Good sleep after vertigo treatment is very important when it comes to vestibular rehab. I find that patients who do not get good sleep after vertigo treatment do not recover as well.
Take It Easy After Each Vertigo Treatment
I advise my patients to “take the rest of the day off” after each treatment session, if possible. We discuss that they need to clear their schedule for the rest of the day.
That specifically means no cooking, no chores, no working, no computer time, no driving, and no other appointments after each vestibular physical therapy treatment. That way they can take a nap after the treatment if they need to rest. Also, resting can de-escalate symptoms that are heightened after treatment.
However, I do not advise them about napping either way. I only attempt to create the space in their schedule after each treatment, that will allow them to nap if they feel their body needs to rest.
Vestibular Rehab Affects Your Brain
Some people have been holding so much tension from their vertigo that they just fall right to sleep after vertigo treatment. It seems like their brain can finally rest, now that they have gotten some relief from the neurological tension that was caused by vertigo.
Other people may need to rest after treatment due to the exhaustion or fatigue from neurological recalibration that takes place during a vestibular rehab session.
While making house calls, I have seen patients fall asleep right after I get them set up in an upright resting position as we end their treatment session.
They may be asleep even before I even manage to gather my equipment to get out of their home! One of my patients even started snoring as I was walking out his front door.
Sleep After Vertigo Treatment: It’s Important
I also discuss with the patients that sleep after vertigo treatment is very important. I tell them they will not recover as quickly from the vestibular treatment if they do not get a good night’s sleep that night.
Many people experience a “hangover effect” after a vestibular physical therapy treatment. I have observed that the vestibular hangover effect will usually last longer if they do not have a good sleep for their brain to reset after each treatment.
To explain this idea, I use the analogy of holding down the power button on your computer to make a “hard reset,” when your computer is malfunctioning. After each treatment session, I believe that their brain needs deep sleep for a “hard reset of the neurological system” to recover from their vertigo.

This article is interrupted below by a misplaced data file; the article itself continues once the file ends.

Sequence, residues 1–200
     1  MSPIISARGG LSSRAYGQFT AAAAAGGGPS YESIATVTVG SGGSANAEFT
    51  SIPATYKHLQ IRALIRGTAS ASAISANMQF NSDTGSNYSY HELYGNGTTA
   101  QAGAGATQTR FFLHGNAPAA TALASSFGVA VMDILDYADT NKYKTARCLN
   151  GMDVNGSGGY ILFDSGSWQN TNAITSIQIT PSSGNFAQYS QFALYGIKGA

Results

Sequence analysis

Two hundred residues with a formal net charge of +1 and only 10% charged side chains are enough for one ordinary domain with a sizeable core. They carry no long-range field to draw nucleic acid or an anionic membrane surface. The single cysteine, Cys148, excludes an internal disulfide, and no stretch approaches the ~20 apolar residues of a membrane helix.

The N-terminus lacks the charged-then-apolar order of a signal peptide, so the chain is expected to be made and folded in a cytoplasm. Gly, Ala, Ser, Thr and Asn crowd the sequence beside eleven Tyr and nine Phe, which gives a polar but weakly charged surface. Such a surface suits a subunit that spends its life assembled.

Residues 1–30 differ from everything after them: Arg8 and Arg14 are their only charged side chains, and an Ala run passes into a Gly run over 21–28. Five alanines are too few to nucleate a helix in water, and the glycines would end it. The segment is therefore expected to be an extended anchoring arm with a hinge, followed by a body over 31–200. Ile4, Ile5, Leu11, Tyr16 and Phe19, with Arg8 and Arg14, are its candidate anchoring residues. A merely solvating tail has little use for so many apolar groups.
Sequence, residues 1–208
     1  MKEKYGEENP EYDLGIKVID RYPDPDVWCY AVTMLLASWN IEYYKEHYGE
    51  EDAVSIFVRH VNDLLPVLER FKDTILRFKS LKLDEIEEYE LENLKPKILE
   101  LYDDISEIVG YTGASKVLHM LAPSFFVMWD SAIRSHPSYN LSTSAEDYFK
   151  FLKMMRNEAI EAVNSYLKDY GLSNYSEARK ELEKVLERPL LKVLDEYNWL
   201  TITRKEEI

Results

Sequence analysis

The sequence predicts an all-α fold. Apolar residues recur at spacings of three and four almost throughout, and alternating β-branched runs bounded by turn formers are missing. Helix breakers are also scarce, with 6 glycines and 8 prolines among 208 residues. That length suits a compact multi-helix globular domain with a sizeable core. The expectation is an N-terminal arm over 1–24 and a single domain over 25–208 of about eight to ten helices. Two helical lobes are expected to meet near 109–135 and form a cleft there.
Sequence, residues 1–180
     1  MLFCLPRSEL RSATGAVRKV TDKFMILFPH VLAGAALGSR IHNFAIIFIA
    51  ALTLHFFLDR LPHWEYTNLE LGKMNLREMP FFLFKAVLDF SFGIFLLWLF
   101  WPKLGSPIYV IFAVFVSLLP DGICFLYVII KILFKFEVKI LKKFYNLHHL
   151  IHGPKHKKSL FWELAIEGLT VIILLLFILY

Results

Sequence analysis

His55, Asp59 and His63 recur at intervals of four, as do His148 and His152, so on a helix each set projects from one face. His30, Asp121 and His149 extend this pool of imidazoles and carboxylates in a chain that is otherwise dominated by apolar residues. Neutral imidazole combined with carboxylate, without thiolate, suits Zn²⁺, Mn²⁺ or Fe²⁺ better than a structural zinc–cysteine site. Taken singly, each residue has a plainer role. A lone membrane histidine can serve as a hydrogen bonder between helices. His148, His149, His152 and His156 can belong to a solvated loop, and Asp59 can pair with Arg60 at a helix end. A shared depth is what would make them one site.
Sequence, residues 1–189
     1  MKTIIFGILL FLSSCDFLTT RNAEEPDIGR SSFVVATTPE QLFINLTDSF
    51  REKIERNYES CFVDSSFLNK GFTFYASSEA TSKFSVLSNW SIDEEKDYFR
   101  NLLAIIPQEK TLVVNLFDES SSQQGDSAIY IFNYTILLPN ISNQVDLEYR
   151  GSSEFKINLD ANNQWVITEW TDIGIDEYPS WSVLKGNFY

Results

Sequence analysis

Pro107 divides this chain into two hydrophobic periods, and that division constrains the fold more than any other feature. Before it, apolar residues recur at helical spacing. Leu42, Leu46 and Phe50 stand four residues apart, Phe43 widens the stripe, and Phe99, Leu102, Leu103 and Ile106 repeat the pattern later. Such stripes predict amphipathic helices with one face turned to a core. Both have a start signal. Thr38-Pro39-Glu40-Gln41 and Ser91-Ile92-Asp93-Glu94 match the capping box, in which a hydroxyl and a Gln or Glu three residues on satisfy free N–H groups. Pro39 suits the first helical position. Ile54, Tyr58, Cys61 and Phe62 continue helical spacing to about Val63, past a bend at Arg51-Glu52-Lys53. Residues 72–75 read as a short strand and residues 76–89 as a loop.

Strategies For Deep Sleep
If they historically are a “good sleeper,” then I encourage them to go to bed on time and not to stay up late. They should carry on as usual with their good sleeping ability.
If they do not usually sleep well, we discuss strategies to improve their sleep hygiene.
We may discuss some teas or supplements they like to use to help them sleep after vertigo treatment. The goal is to use relaxing teas like chamomile or supplements to help them sleep deeply that night.
To add to that, watching a good comedy movie or sitcom or chatting with a funny friend might be just what the doctor ordered before bed.
Vertigo can disrupt sleeping especially when you roll over, so you may need to sleep propped up. Whether you need to sleep propped up on two pillows or you are able to sleep as usual with only one pillow depends on your individual situation. Your vestibular health care provider may be able to help you figure out which position is best to sleep in.
Recovering from vertigo may take longer if you are not sleeping well after each treatment. You may need to consult with a sleep medicine doctor for medical intervention if you are having trouble with sleeping.
Spending All Day In Bed Can Affect Sleep Quality At Night
Some people with vertigo spend a lot of time in bed during the day because they feel so bad. However, spending too much time in bed during the day can reduce sleep quality at night.
For those people, I like to implement a plan to create a “cozy nest” somewhere else in their house for them to rest in during the day until they start feeling better. Then their bed is then only used for sleeping, which can improve sleep quality at night.
The long-term goal of vestibular therapy is for patients to gradually become more active during the day, not needing so much time to rest or stay sedentary as their symptoms clear up.
I have many patients who no longer need to nap in the afternoon once their vertigo is cleared up because their extreme fatigue has cleared up also.
I hope that information is helpful on the importance of sleep after vertigo treatment! I’m happy that I was able to bring this important topic to your attention.
This blog is provided for informational purposes only. The content and any comments by Dr. Kim Bell, DPT are not intended to be a substitute for professional medical advice, diagnosis, or treatment. Always seek the advice of your physician or other qualified health provider with any questions you may have regarding a medical condition. The details of any case mentioned in this post represent a typical patient that Dr. Bell might see and do not describe the circumstances of a specific individual.